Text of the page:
Platt's BlueCrest to Return Outside Capital, Become Private Investment Partnership

Dec 1 2015 | 6:36pm ET

Michael Platt’s BlueCrest Capital Management will return all outside capital and revert to managing the private wealth of its founder, partners and employees. 

Outside investors account for approximately 85% of BlueCrest’s $8 billion in assets under management. They will receive three-quarters of their capital back before the end of January and 90% by the end of the first quarter, according to the company. 

BlueCrest attributed the decision to declining fees and rising costs, stating that “ongoing secular changes in the industry, including trends in fee levels, the cost of hiring the best trading talent, and the challenges in tailoring investment products to meet the individual needs of a large number of investors, have weighed on hedge fund profitability.”

“A Private Investment Partnership strategy of concentrating on a reduced number of funds, managed exclusively on behalf of BlueCrest's partners and employees, will facilitate higher returns and greater profitability for the firm's stakeholders, and give it greater flexibility to compete aggressively for trading talent,” the statement said. 

“Everyone knows the landscape has changed,” added Platt in an interview with Bloomberg. “We want to position ourselves to be free to adapt to the environment such as it exists.”

Divestment of the firm’s investment portfolios will be carried out in an orderly manner, balancing the requirements for speed and value for investors, according to the statement.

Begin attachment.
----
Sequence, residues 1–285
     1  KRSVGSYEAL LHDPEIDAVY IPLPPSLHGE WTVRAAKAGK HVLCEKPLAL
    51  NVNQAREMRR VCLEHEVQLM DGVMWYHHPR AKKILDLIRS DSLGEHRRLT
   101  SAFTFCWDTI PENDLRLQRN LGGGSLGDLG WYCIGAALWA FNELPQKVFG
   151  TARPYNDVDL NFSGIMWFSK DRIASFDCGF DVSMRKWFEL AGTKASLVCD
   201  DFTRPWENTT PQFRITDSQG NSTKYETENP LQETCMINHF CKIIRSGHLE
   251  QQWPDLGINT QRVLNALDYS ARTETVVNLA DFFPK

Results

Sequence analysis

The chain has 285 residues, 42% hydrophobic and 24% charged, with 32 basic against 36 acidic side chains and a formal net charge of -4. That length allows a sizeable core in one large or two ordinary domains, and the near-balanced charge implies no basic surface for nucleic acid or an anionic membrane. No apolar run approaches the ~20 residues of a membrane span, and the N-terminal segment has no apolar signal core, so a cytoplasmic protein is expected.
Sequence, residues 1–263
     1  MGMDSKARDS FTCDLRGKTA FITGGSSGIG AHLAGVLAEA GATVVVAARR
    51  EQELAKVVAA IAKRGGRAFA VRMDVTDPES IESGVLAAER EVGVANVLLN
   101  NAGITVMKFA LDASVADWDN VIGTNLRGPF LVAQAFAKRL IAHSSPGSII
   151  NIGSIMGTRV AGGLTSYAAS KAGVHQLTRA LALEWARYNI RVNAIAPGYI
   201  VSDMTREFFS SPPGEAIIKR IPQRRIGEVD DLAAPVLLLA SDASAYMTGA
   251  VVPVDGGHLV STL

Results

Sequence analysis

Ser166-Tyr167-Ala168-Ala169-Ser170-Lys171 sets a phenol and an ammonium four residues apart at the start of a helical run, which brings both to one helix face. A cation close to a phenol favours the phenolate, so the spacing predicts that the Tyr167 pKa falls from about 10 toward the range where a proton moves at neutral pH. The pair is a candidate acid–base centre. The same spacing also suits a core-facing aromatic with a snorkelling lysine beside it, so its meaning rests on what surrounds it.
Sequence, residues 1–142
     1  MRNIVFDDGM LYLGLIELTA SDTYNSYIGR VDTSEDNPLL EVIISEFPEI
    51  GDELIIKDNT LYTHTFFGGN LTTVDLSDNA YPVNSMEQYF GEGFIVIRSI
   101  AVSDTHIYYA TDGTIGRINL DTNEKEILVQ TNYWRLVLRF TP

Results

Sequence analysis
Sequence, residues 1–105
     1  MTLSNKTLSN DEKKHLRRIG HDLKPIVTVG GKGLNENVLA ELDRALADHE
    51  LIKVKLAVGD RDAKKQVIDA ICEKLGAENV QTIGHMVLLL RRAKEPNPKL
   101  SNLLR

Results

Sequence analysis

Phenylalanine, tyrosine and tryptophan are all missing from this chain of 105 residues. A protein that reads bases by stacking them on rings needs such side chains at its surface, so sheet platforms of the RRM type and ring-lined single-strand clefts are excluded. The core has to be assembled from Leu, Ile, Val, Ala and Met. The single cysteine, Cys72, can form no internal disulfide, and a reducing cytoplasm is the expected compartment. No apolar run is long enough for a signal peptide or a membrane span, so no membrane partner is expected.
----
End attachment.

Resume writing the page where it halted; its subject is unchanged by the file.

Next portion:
Assets under management at BlueCrest peaked in at more than $37 billion in 2013. Since then, the firm has spun out Leda Braga’s $9 billion quant-trading fund Systematica, while disappointing performance has resulted in client departures. 

BlueCrest’s latest 13F securities filing lists roughly $3 billion across more than 840 securities. The equity portfolio is top heavy with Chinese exposure, including more than $400 million devoted to energy companies CNOOC and Petrochina alone. Other major positions include China Life, the S&P 500 SPDR ETF, Precision Castparts, and Broadcom. 

“We will run the fund with more leverage - we would like to be our own investors now,” said Platt in the interview. Institutional demand for safer returns in a period of ultralow interest rates has led to constraints on how much risk macro hedge fund managers can undertake, impacting their ability to generate profits and undercutting the industry’s traditional “2 and 20” model. 

Since inception in 2000, BlueCrest has generated more than $22 billion in trading profits for investors, according to the statement. The firm will maintain its nine global offices going forward, as well as three funds – an equity fund, an emerging markets fund, and an internal partner fund that invests in credit, currency and fixed income.

All others, including flagships BlueCrest Capital International and AllBlue, will close during 2016.

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